Innovative Machinery to Ease Cover Crop Seeding

11/9/2013 7:00 AM
By Philip Gruber Staff Writer

HOLTWOOD, Pa. — Minnesota engineering was on display last week in southern Lancaster County. Two companies from the lake-dappled Upper Midwest brought their latest machines to Cover Crops Solutions’ annual field day on Oct. 30 at Steve Groff’s Cedar Meadow Farm, showing off tools aimed at helping farmers do their jobs more efficiently.

Owatonna, Minn.-based Gandy showed a seeder that mounts on a combine corn header. Joel Myers, a no-till consultant and retired NRCS agronomist, told field day attendees that the seeder’s combination of cover crop planting with crop harvesting culminated half a decade of buzz in no-till circles.

The seeder is mounted above the head and releases the seed beneath the head, Doug Snorek, Gandy’s sales and marketing manager, said in a phone interview.

The residue from the combining covers the seeds, eliminating the time and fuel needed for a separate planting pass over the field.

“You almost need to see it to understand it,” Snorek said.

The seeder, based on the company’s original Orbit-Air, has been commercially available for about a year. “There’s nothing different about it except its size and shape,” Snorek said.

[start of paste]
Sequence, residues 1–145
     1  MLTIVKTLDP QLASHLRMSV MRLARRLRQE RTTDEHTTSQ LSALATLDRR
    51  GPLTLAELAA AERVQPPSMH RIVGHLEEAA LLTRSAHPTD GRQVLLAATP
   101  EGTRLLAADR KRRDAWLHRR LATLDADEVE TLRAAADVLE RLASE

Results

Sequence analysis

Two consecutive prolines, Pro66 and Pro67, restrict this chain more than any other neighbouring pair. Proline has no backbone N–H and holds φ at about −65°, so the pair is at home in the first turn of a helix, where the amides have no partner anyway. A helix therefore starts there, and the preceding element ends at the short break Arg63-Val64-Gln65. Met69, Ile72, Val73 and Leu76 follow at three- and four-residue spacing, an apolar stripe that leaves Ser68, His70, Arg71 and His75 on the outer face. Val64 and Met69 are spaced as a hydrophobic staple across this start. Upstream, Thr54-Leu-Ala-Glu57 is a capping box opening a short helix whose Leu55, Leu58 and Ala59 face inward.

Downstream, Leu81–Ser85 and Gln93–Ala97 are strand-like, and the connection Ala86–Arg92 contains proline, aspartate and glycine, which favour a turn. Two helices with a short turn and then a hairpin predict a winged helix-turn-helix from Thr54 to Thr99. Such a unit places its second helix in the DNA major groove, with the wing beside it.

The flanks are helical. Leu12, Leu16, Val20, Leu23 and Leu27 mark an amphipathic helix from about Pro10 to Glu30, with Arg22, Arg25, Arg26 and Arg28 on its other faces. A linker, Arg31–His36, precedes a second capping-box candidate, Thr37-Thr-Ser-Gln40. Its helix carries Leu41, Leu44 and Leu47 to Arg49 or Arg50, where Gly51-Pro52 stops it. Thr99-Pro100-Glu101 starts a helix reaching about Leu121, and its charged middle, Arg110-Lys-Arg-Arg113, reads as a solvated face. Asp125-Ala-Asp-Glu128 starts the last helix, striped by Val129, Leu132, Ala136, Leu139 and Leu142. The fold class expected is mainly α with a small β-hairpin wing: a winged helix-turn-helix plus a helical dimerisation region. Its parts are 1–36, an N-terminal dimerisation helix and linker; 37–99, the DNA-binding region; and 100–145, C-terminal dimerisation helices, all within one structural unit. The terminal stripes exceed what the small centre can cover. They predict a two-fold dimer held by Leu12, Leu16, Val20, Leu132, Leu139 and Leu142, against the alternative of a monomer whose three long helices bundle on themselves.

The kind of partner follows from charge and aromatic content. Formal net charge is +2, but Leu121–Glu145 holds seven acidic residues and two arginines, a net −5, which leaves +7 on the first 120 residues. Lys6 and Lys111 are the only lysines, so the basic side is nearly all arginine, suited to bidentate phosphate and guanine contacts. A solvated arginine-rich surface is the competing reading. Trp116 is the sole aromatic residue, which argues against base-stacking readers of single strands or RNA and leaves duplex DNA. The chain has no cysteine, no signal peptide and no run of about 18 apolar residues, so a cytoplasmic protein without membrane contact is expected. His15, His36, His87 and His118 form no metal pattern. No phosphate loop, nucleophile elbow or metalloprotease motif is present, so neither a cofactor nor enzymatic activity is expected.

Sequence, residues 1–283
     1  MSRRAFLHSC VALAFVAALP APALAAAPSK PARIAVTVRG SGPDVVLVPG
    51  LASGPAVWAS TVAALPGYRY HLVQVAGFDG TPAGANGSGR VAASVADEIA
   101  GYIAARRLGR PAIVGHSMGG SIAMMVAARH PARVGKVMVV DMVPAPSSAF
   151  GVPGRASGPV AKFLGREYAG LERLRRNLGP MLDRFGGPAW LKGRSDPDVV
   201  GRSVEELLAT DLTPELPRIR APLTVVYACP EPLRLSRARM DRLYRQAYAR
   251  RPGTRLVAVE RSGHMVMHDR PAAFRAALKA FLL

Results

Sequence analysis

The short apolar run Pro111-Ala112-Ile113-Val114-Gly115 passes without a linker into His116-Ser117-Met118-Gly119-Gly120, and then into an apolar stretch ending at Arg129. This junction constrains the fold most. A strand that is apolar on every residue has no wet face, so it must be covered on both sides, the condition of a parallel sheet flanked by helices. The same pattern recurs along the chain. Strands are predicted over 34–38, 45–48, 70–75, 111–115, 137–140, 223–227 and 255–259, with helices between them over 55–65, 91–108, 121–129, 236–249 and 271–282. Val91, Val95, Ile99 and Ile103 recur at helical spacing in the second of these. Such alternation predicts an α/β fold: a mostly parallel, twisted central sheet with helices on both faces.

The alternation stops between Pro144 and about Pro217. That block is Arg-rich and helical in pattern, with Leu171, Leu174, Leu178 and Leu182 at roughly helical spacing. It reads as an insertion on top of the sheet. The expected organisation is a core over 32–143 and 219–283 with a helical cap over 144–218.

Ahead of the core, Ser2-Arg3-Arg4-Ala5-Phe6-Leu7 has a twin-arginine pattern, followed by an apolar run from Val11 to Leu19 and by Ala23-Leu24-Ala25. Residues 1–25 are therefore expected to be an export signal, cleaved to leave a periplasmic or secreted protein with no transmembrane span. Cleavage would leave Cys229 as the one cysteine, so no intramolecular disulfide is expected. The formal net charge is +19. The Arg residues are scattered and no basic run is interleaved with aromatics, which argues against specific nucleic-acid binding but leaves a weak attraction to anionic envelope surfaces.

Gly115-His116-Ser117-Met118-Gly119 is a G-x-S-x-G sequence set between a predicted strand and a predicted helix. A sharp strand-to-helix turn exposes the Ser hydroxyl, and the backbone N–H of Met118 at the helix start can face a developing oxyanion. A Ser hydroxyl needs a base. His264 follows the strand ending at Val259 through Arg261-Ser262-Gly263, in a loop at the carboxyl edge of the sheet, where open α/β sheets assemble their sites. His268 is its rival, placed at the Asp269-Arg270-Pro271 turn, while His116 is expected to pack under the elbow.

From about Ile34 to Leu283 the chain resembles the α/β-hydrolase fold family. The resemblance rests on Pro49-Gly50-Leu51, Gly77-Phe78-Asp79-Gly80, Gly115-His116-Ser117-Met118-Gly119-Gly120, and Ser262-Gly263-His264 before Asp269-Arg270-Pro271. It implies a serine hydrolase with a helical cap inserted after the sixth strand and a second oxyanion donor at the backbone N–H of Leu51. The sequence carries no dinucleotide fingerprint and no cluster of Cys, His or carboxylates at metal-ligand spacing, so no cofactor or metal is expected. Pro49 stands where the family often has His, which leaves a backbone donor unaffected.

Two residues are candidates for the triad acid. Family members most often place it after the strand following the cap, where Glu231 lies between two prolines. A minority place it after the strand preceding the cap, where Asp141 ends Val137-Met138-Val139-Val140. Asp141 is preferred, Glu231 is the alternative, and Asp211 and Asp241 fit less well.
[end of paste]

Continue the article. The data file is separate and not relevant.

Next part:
The combine seeder uses the same metering and application systems Orbit-Airs have used for years. “It’s just a matter of it going on a different platform,” he said.

The seeder can be powered by the combine’s hydraulics, a blower motor or a gas engine motor. Tapping the hydraulics is often fine for corn because corn taxes the hydraulic system less than soybeans do. Many soybean farmers use a blower motor with the seeder.

Ryegrass has been the main crop used with the combine-mounted seeder so far, Snorek said.

Because the seeder is a modification to an existing combine, farmers need to find a way to mount it. Most use some combination of plates, bolts and welding to secure the seeder. Many farmers mount the seeder deflector right under the combine snout, he said.

Farmers can also take the seeder off the combine and use it in the spring for granular chemical application. The same metering wheels are used for cover crops and chemicals.

“It does have a little multiuse option. You’re not just locked into using it for just one option,” Snorek said.